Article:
How to Resolve Conflicting Priorities that Lead to Work Conflicts?

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Conflict is something that affects us all. It doesn’t matter what field we’re in, how nice we are, or how hard we try, conflict is inescapable. Many times, conflict can happen because of miscommunication or over conflicting priorities. 

I have done this to myself countless times. I take on too much and soon my priorities are all scrambled and I get overwhelmed which can create conflict between my coworkers. Maybe it’s because I’m frazzled and I’m a little snippier than usual. Or maybe it’s because I promised too many coworkers something that I ended up failing to make good on some of my promises. 

It’s all too common a phenomenon that conflicting priorities can put a strain on your work relationships. No one likes to think they’re the second fiddle. It’s a horrible feeling that lowers morale and affects your job performance.

If you failed to fix your priorities before they conflicted, it’s too late to go back. What you now need to focus on is resolving some of that unfortunate conflict that you accidentally caused in the workplace. Here’s how.

 

Be accountable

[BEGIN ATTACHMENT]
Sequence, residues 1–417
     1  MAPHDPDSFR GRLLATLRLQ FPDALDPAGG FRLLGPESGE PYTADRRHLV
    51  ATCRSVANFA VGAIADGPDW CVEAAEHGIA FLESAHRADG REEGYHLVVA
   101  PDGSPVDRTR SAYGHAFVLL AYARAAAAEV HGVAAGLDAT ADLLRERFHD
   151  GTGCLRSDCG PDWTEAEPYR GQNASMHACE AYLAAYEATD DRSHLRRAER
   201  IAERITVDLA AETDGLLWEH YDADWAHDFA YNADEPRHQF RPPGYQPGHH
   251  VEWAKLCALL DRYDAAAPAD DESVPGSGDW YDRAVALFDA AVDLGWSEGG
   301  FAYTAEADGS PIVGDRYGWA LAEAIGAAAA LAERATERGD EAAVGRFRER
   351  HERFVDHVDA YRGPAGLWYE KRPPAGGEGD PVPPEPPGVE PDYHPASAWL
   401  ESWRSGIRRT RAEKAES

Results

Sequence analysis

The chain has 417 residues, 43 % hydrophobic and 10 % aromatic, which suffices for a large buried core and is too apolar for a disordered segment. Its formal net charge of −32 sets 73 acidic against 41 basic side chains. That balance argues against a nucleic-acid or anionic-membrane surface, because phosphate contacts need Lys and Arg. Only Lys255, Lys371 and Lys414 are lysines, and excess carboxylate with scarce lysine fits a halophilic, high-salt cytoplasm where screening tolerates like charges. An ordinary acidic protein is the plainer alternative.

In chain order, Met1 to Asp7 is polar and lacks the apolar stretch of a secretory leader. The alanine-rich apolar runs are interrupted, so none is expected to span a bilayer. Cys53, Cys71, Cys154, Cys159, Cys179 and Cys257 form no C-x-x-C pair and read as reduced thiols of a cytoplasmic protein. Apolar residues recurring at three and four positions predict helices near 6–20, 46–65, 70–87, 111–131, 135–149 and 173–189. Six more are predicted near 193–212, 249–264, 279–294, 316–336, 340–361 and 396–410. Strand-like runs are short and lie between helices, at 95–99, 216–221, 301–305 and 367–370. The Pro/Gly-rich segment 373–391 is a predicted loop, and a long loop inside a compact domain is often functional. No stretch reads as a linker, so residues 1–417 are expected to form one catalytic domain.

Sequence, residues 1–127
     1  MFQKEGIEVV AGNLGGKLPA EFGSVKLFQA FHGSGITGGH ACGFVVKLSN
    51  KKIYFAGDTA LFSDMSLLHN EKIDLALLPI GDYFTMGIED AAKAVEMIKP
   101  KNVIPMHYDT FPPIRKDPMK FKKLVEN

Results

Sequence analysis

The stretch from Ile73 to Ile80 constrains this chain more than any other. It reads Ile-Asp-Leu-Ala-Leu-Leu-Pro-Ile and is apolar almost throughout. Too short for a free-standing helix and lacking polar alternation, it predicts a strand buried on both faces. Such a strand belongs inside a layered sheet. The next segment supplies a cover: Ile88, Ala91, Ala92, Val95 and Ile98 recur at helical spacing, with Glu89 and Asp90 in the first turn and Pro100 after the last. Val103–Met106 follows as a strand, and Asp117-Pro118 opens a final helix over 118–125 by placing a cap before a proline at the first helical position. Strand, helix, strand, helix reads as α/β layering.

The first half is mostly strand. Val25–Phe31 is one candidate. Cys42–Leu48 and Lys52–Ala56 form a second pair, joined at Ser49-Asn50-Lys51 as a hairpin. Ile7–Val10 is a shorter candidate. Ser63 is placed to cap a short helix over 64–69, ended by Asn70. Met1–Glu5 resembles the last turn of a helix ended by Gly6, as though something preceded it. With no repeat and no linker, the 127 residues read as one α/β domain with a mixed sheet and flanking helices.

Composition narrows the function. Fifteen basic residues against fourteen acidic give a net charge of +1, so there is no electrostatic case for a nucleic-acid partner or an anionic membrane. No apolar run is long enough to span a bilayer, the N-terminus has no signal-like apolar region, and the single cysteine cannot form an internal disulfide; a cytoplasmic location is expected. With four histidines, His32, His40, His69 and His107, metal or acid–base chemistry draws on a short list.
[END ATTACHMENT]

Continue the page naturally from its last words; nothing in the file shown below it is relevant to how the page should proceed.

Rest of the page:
It’s important that your coworkers see that you’re holding yourself accountable for your actions. If you created a situation that forced you to have conflicting priorities, then they need to see that you’re trying to make things right. 

So what if Mark from accounting was pushing about the task he assigned you. You were the one who added it to your already large list of priorities. You caused the problem by saying yes in the first place. Be accountable and move on. 

 

Stop the blame

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Have you ever heard of poking the bear? Pushing the blame on your other coworkers is only going to make things so much worse for you. It’s only going to increase their agitation and antagonize the situation. Your goal is to deescalate the situation.